describing equitable subrogation as "elusive"Summary of this case from Paliatka v. RJEM, LLC
July 31, 2000
Appeal from the Circuit Court of Du Page County, No. 97-CH-0577, Honorable Bonnie M. Wheaton, Judge, Presiding.
Timothy J. Patenode and Karl R. Barnickol, both of Katten, Muchin Zavis, of Chicago, for appellant.
James T. Ashack, Joseph E. Daudish, and Joseph J. DeMichael, all of Elmore DeMichael, of Oak Forest, for appellee.
This appeal arises from a dispute concerning lien priority in a mortgage foreclosure proceeding. The issue is whether a mortgagee that pays off a priority mortgage pursuant to a refinancing agreement is entitled to be subrogated to the priority mortgage lien recorded by the original mortgagee.
On October 17, 1986, Patrick Wangler and Diane Wangler executed a note and mortgage in favor of Hinsdale Federal Savings and Loan that was later assigned to Standard Federal Bank (Standard). The note and mortgage were filed with the Du Page County recorder's office on November 7, 1986. Thereafter, the Wanglers executed junior mortgages in favor of Suburban Bank of Elmhurst (Suburban) that were recorded on July 12, 1988, June 30, 1989, January 31, 1990, and July 30, 1991.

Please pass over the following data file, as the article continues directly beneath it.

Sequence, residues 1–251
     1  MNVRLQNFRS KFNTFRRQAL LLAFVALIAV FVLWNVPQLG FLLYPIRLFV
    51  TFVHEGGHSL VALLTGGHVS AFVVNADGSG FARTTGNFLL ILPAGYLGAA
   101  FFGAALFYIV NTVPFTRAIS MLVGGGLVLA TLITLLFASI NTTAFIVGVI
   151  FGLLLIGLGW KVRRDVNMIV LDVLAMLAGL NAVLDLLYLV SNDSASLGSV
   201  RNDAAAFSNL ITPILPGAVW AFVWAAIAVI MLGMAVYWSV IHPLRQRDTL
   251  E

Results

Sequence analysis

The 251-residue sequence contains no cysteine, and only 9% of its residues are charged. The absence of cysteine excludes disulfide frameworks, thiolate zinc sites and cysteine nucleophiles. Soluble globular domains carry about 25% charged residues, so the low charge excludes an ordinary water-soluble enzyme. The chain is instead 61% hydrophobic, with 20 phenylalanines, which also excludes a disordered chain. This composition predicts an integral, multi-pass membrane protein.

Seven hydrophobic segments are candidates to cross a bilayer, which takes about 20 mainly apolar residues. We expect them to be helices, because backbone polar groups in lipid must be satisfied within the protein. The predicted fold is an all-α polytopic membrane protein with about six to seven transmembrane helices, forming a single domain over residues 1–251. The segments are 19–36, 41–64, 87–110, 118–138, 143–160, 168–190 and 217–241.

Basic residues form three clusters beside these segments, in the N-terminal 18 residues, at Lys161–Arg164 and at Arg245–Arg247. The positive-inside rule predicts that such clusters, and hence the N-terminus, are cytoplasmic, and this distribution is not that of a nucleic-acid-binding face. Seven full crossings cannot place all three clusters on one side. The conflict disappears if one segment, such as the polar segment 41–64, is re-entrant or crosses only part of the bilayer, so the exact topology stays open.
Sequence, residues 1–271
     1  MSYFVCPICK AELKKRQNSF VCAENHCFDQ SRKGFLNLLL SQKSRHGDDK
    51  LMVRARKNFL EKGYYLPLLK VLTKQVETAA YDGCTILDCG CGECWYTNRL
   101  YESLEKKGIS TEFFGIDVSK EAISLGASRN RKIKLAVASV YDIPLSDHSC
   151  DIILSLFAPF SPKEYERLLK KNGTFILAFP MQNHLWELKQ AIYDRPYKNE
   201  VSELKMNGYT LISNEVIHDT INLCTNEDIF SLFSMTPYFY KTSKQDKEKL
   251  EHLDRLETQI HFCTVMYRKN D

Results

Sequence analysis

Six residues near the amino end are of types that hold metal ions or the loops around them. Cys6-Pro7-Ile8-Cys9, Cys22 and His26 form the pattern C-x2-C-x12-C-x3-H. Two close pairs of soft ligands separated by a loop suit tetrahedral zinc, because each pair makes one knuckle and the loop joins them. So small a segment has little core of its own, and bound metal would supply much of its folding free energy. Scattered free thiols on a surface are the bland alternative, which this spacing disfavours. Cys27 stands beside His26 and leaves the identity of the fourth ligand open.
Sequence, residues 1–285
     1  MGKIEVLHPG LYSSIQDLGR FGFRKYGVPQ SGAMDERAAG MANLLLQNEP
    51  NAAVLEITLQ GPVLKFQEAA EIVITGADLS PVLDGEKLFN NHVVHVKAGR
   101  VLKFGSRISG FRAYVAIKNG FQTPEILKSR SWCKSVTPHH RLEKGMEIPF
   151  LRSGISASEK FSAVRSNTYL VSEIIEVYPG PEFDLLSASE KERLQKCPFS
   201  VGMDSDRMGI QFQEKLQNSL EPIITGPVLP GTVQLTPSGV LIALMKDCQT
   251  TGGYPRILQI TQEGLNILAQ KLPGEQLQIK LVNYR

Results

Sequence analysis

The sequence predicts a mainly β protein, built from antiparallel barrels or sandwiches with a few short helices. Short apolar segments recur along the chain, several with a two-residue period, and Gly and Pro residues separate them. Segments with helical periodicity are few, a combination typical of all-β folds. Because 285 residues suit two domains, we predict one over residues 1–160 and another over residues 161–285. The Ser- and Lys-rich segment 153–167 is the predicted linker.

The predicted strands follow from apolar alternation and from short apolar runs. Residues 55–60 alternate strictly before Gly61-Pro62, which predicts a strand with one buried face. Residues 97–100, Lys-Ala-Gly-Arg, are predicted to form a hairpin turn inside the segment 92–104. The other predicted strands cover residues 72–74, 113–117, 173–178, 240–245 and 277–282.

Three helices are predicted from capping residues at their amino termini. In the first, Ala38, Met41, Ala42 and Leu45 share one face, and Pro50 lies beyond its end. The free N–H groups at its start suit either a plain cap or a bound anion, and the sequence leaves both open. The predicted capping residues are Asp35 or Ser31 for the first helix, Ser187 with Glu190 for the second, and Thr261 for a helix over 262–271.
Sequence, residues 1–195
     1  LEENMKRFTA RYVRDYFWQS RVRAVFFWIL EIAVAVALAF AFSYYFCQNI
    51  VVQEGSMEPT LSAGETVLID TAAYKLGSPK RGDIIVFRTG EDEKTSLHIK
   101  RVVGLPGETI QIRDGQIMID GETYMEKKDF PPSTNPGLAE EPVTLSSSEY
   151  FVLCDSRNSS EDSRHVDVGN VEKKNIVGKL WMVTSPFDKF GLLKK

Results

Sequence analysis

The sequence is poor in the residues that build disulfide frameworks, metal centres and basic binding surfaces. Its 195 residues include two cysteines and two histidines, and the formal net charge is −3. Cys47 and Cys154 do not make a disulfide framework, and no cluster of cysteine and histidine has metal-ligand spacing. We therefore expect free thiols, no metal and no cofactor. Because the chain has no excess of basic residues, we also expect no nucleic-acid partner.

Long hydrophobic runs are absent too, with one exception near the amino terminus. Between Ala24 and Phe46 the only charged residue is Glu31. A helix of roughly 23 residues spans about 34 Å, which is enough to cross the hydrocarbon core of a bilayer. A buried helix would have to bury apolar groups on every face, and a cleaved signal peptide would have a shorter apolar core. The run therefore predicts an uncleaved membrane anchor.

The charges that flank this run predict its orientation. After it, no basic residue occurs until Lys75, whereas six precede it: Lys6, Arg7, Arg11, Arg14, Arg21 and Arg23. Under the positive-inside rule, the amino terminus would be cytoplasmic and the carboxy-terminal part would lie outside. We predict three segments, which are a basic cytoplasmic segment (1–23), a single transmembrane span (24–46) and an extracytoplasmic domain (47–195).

On April 26, 1996, the defendant-appellee, Interstate Bank of Oak Forest (Interstate), obtained a judgment against the Wanglers in the amount of $75,891.06. Interstate recorded a memorandum of judgment with the Du Page County recorder's office on September 4, 1996.
On August 28, 1996, the Wanglers executed a note and mortgage for the sum of $174,000 in favor of Pacific Thrift and Loan Company (Pacific) pursuant to a refinancing agreement whereby Pacific would pay off the mortgages to Standard and Suburban. The mortgage document executed by the parties is the Fannie Mae/Freddie Mac Uniform Instrument for Illinois (Uniform Instrument). Pacific's mortgage was later assigned to plaintiff-appellant, Aames Capital Corporation (Aames). The Wanglers did not receive any funds from the refinancing. The closing agent issued checks to Standard and Suburban on September 4, 1996, in payment of the balance due under the mortgages held by them. On September 20, 1996, Pacific recorded its mortgage. On September 24, 1996, Suburban filed releases of its mortgages, but no release had been filed of the Standard mortgage.
On June 6, 1997, Aames filed this foreclosure action after the Wanglers defaulted on the note. In its foreclosure complaint, Aames alleged that Interstate's judgment lien was inferior and subordinate to Aames's first mortgage lien.
Both Aames and Interstate filed motions for summary judgment as to lien priority. The trial court entered an order denying Aames's motion and granting Interstate's motion, ruling that Interstate's judgment lien took priority because it was recorded prior to Aames's mortgage lien.